While treatable when caught early, bladder cancer can be life-altering. In too many cases, it can be life-ending.
The Canadian Cancer Society estimates that approximately 12,500 Canadians will develop bladder cancer in 2021, and 2,600 people will die from it. The fourth most common cancer among Canadian males (excluding non-melanoma skin cancers) and the eighth most common cancer among Canadian females, bladder cancer also has a high rate of recurrence, explains Dr. Jason Archambault, a urologist and Head of Surgery at Langley Memorial Hospital.
The challenge is that the best technology to identify some of these cancers is not currently available in Langley.
“Bladder cancer is not something we hear a lot about, but it’s a serious cancer that affects people’s quality and quantity of life,” Dr. Archambault says.
When a urine sample shows cancer cells, the Langley surgical team performs a white-light cystoscopy – a day procedure that uses a scope to examine the patient’s bladder, illuminating the region with a white light to look for suspected cancer tumours. An average of 200 of these are performed each month at Langley Memorial.
However, white-light cystoscopy – the only method currently available in Langley to diagnose and treat bladder cancer – is limited in detecting some flat lesions or their full size.
The good news is that a recent innovation called Blue Light Cystoscopy has proven to significantly improve identification of bladder tumours – even those otherwise difficult to detect. In fact, one study found that 20.6 per cent of malignancies were identified only by Blue Light Cystoscopy.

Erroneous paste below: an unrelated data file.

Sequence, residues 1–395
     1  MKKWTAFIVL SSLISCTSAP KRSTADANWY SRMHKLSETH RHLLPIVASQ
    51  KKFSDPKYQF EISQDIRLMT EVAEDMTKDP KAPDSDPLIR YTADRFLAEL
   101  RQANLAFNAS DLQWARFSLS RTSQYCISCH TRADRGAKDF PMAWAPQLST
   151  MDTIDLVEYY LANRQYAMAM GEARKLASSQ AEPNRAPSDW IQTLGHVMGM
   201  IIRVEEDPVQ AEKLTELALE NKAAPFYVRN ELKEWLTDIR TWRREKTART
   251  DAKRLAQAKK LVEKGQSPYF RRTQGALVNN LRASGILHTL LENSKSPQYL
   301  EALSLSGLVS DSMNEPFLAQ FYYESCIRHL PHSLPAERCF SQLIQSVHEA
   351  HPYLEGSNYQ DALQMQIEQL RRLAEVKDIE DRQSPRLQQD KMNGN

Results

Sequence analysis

The technology uses a special imaging solution, left in the bladder through a catheter, that’s absorbed by the cancer cells. Under blue light, the cancer cells glow fluorescent pink, making it easier for a urologist to see the edges of a tumour and to fully remove it from the bladder.
“The significance of the technology is huge,” Dr. Archambault says. “It’s been around for awhile but it’s so much more accessible now.”
Today, if cancer cells are found in the patient’s urine but the Langley Memorial team can’t find a tumour using white light, the patient must attend another hospital for the Blue Light Cystoscopy to identify and treat the cancer.
Bringing the technology to Langley Memorial
A Blue Light Cystoscopy tower at Langley Memorial would allow the hospital’s specialists to diagnose patients in their own community and begin treatment quickly, leading to quicker recovery and better outcomes.
Finding bladder cancer early can mean the difference between recovery and treatment that is life-altering, in the case of required bladder removal, for example, or life-shortening, Dr. Archambault says.
It would also allow patients’ easier continuity of care in their own community – because of the likelihood of recurrence, bladder cancer patients have frequent follow-up with their medical teams, Dr. Archambault explains.
“Having this technology available locally would really be a game-changer for patients,” he says.
The Langley Memorial Hospital Foundation is raising $225,000 to bring Blue Light Cystoscopy equipment to Langley this year, with $150,000 raised to date by generous donors.
To learn more, and to help bring this vital piece of technology to Langley, visit lmhfoundation.com/donate